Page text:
Patience in Leadership

PATIENCE

“What would you like for breakfast?” mother would ask.

“Ice Cream,” came the reply. The actual food requested was immaterial as it was a cycle of equally inappropriate breakfast items.

“No, I think we’ll have porridge this morning.” Mother did not introduce so much as an extra breath before pulling out the pot in which the oats and water would soon be simmering. She knew–because her mother had trained her as had her grandmother trainer her mother–that a diet of ice cream, cookies or cake was not the foundation of a successful day or life. She was immune to the disappointed voices and saddened faces when the desired bowl of chocolate chip appeared as the mottled beige of oatmeal, perhaps sweetened with a touch of brown sugar. Mother knew her role and she looked to the day when her children would become adults with their own children, perhaps smirking at the fleeting thought of being that grandmother who gave her grandchildren everything they wanted. Even ice cream for breakfast.

But mother said no and meant it. She knew that her role was to nurture and raise you, and she did it. And aren’t you glad she did?

Leaders of God’s people must be equally steadfast in adhering to the promises of God despite calls to ‘turn back’, ‘stay here’ or ‘make us gods who will go before us’. While Moses trembled in the presence of God who outlined the way in which his people would engage Him and worship Him (Ex 20-31), the recently freed people became restless and demanding (Ex 32). Forgetting what they had witnessed in their escape from bondage, forgetting the grace that had secured them from the angel of the Lord, forgetting the protection that God had promised and demonstrated, forgetting the provision of food and water; forgetting. Forgetting, either by lapse or design, but forgetting nonetheless. Forgetting, and demanding that their wishes be satisfied.

Aaron should not have forgotten however. Aaron who had witnessed the miraculous work of Yahweh firsthand. Aaron who had learned to trust God alongside Moses and who, as the interim leader of the Hebrews, needed to stand firm in that trust despite the length of Moses’ absence. A leader needed to stand and say “No!” No, God has given us a vision for the future as His people and we will not deviate from that vision. No, God’s providence will not be denied. No, God’s grace will not be discounted. No, the freedom from bondage given to us by grace will not be ignored.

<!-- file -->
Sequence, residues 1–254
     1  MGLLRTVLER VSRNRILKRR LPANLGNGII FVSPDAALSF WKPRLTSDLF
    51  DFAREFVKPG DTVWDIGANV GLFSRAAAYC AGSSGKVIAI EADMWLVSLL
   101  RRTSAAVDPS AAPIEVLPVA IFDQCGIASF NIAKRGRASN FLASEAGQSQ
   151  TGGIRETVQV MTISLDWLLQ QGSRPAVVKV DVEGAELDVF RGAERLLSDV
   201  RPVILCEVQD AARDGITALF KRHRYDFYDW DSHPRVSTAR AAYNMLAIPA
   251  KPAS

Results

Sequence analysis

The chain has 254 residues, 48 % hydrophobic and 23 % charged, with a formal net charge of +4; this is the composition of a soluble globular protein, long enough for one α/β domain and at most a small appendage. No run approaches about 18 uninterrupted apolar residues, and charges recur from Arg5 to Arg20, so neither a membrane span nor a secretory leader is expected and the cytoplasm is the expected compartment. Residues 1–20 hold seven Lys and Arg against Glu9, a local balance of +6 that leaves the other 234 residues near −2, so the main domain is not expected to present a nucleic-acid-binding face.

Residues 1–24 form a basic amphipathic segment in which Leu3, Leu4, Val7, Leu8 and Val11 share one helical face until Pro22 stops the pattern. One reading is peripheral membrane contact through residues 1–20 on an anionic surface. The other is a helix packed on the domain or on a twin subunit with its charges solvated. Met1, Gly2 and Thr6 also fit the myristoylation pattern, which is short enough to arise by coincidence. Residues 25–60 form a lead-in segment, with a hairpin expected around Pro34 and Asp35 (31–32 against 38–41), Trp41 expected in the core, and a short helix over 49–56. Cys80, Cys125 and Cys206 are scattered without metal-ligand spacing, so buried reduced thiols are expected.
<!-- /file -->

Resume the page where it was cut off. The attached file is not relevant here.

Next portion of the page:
The leader of God’s people must be patient and steadfast in leading them forward toward the vision that God gives. Many will want to stop along the way citing ample food and water supplies but the leader must continue the march. The leader must not hesitate, even when the siren songs of comfort and tradition tempt people away from the path. Even when trouble appears to be insurmountable and failure sure, like the Red Sea stretched endlessly before them and Pharaoh’s army speeding from the rear, the leader of God’s people must wait patiently for God to move and he must lead the people to do the same.

Because God will move, just as He has promised. At just the right moment and in exactly the right way.

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THERE’S NO I IN INTEGRITY

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Well, actually there are two. I and I. You and me. Integrity is the foremost measure of character between you and me. The dictionary will define integrity as an adherence to a code of values, but even that is ambiguous. Integrity means that you will do what you say you will do and I do what I say I will do. Anything less and the bond between us begins to fray and eventually snap. When it finally breaks it’s much like the rupture of a taut Achilles tendon. The two ends will curl away from each other and must be stretched under great pressure to even come close enough to begin the net back together. There is much pain and a long period of time elapses before the bond is trusted again, if it ever is.

In leadership, whether in the church or in a secular setting, surveys have demonstrated over and over that the most important character trait in a leader’s integrity. If people are going to follow a leader into battle or into ministry they must know that the leader’s word is rock solid. They do what they say they’re going to do. Always. Without excuses. Even if it requires sacrifice on their part.

They are often misappropriated verse in the epistle of James speaks to the impact that integrity can have.

Show me your faith without deeds, and I will show you my faith by what I do. James 2:18

It is as easy to claim to have faith as it is to pound your chest and claim the solidity of your integrity. Because we do not exist in a vacuum it’s also easy enough for those around us to evaluate our claims of both faith and integrity. If we claim faith in the God of the universe and His Son Jesus Christ but live lives contrary to the obedience and character demanded of a recipient of his magnificent grace that our faith is certainly questionable. In the same way, proclamations of integrity fall on deaf ears when our actions demonstrate that we cannot be trusted. The Christian leader who finds themselves in this position also has a ministry that is over before it starts. God is not going to bless something that begins by bringing dishonor to His name.